I stumbled on this map of the philosophers recently. It’s basically a who’s who six degrees of separation of philosophers based on lines of influence. Never much a one for philosophy myself, I nevertheless recognized the guys in 20 point type and even a few of the smaller fry.
I did just wonder, however, about the outliers, the people furthest away from Plato. That poor fellow at the very bottom, for example, all alone, no one much to talk to. Who it could possibly be? No doubt a name I didn’t know.
In fact it was a name I knew. Hans Reichenbach.
It’s only a slightly convoluted story. My father’s family had spent the 1931/2 year on sabbatical in Berlin where my mathematician grandfather soaked up the wisdom and good fellowship of the University’s mathematical and physics superstars (Einstein, von Neumann, et al.). Also hanging about was Reichenbach, who had recently published Atom und Kosmos, basically a bound collection of some radio addresses he had made for the general public on the then state of theoretical physics. My grandfather thought the book worth translating into English, as did the publishers at MacMillan.*
So who was this Reichenbach?
Son of Hamberg businessman, half Jewish, half Lutheran. He initially thought to become an engineer and began his collegiate studies with that in mind, but soon was beguiled by physics, mathematics, and philosophy. German universities being what they were, he was able to follow a peripatetic existence going from lecturer to lecturer to get whatever he could from whomever. This meant he could go directly to Einstein, to Planck, Born and others of similar stature. He wound up taking his PhD from the University of Erlangen in 1915, just in time to head off to the war, the Russian front, where he was part of the signal corps. Peace was declared, then back to academia, specifically, coursework under Einstein.
He was appointed to Stuttgart Polytechnic to teach and to write. A lot. There was movement to get him back to the University of Berlin, but his long history of lefty politics was working against him. It took Einstein again to overcome the opposition.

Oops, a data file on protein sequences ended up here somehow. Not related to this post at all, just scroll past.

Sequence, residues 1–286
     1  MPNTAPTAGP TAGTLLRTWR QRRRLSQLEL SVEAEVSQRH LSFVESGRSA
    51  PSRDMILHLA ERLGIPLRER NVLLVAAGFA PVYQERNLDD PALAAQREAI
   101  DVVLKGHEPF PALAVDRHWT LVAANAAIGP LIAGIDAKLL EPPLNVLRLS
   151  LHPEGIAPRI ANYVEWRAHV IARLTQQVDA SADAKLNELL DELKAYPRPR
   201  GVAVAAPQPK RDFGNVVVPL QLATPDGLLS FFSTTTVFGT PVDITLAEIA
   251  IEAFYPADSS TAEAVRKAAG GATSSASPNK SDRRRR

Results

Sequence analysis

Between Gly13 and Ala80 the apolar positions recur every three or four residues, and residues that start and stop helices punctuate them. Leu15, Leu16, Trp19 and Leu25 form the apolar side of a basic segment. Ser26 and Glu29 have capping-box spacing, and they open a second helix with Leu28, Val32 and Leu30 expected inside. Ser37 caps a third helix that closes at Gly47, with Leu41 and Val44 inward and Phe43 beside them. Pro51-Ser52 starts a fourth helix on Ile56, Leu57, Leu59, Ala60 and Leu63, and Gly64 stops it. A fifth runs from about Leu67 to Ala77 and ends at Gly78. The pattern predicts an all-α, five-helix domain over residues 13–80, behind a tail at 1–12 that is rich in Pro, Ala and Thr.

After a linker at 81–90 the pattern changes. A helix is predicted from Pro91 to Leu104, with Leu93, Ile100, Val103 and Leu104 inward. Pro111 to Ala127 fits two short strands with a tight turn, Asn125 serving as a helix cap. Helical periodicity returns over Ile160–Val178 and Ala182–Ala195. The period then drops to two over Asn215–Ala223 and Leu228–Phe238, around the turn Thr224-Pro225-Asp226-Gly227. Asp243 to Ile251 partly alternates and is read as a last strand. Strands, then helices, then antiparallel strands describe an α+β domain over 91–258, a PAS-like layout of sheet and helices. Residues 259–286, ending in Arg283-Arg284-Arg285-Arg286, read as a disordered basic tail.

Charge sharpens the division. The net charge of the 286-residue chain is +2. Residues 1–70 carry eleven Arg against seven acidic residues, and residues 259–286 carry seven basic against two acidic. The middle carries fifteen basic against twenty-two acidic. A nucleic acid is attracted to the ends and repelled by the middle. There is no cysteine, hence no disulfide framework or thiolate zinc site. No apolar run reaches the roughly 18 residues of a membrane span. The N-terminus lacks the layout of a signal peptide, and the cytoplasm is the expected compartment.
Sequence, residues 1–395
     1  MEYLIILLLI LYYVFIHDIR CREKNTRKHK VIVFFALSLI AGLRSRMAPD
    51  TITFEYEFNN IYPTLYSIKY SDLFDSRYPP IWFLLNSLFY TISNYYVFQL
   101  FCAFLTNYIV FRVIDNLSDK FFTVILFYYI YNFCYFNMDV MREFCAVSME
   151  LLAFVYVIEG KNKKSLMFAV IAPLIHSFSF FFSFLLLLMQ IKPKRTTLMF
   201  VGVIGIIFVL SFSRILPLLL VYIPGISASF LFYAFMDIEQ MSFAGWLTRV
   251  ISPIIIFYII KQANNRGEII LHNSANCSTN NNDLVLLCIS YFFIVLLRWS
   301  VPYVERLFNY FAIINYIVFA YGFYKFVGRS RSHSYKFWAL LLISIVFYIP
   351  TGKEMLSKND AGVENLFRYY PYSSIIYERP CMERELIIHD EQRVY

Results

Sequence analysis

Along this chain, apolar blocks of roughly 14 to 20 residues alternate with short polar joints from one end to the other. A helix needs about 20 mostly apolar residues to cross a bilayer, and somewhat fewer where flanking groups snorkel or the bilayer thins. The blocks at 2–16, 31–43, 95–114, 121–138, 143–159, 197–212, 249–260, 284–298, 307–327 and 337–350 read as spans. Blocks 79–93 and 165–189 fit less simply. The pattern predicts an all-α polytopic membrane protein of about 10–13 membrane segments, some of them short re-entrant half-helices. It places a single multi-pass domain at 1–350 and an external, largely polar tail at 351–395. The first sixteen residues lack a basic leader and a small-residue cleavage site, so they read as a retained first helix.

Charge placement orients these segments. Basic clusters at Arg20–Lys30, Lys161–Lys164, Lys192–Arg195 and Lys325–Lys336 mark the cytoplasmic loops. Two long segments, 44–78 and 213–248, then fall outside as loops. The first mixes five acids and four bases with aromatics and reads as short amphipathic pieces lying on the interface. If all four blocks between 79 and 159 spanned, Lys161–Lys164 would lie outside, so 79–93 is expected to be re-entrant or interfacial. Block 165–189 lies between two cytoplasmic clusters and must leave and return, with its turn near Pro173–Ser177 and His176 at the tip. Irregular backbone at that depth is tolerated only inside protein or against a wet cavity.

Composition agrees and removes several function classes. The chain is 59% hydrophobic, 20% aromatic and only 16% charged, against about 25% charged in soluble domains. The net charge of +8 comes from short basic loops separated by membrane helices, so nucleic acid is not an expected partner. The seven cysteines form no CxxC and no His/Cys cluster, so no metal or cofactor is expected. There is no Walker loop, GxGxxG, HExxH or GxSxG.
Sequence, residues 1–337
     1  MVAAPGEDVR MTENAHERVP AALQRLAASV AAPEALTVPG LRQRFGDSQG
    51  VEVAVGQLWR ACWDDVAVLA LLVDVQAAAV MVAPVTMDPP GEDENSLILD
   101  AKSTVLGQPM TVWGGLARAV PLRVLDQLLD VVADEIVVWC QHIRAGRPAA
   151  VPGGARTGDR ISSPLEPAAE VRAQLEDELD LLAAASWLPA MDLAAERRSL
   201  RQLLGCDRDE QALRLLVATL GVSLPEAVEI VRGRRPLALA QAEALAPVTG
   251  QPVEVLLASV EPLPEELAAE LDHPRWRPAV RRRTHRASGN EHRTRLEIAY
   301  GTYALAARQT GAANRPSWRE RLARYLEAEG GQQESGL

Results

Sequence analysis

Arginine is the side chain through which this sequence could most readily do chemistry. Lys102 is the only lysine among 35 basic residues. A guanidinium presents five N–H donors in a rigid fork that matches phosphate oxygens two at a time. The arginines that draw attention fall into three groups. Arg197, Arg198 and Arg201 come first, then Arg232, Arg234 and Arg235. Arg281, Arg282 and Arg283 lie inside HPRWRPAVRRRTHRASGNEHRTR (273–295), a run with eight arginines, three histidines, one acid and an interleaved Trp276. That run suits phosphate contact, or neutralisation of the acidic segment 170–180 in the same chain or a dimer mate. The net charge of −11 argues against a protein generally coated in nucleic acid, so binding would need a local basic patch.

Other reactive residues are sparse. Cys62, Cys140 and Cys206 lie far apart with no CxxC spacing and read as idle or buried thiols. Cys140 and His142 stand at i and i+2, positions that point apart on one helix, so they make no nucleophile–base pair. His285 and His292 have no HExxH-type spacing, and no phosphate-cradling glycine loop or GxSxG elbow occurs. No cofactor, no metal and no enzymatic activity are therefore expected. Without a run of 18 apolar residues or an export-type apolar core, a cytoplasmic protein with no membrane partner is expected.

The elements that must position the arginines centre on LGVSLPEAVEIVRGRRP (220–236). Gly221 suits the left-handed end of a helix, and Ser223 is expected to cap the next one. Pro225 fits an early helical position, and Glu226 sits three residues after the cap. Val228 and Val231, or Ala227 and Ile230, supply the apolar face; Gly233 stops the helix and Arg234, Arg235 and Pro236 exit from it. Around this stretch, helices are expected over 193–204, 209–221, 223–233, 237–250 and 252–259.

Now more or less settled, he became a founding member of the Berlin Circle, which crew took a particular fascination with relativity and its implications on philosophy. He edited their journal Erkenntnis
A true egalitarian, he ignored the tradition of Professor as Living God and encouraged among his students a relaxed discussion of the issues at hand – a novelty in academia in general and German academia in particular.
He saw the writing on the wall once the National Socialists won power in 1933, and accepted a position as head of Philosophy at the The University of Istanbul. From there in 1938 he made his way to UCLA. (After Pearl Harbor, he was legally a resident enemy alien for almost two years before the paperwork cleared. Bureaucracy.) For the next ten years until his death in 1953, he worked to make UCLA a leading center of philosophy.
One of his big things was applying severe standards to philosophical inquiry. Logical empiricism. No flights of fancy or metaphysics – if you can’t nail down your work it is, in his eyes, useless.
*Poor grandfather. His sabbatical was just in time for the political contention that saw the Nazi’s take over. A man of the progressive left, he was pretty alarmed by, and thought the English speaking world should have access to, exactly what Hitler was on about and proposed a translation of Mein Kampf. The proposal was universally rejected – not enough market, it was thought. (Plus, an abridged edition had come out in 1933 in England, redacting some of the more egregious sections.) Props for trying.
Wesley Salmon, 1977, “The philosophy of Hans Reichenbach,” Synthese 34: 5-88.
(Photo courtesy Hans Reichenbach Papers, ASP.1973.01, HR 042-03-01 Archives of Scientific Philosophy, University Library System, University of Pittsburgh.)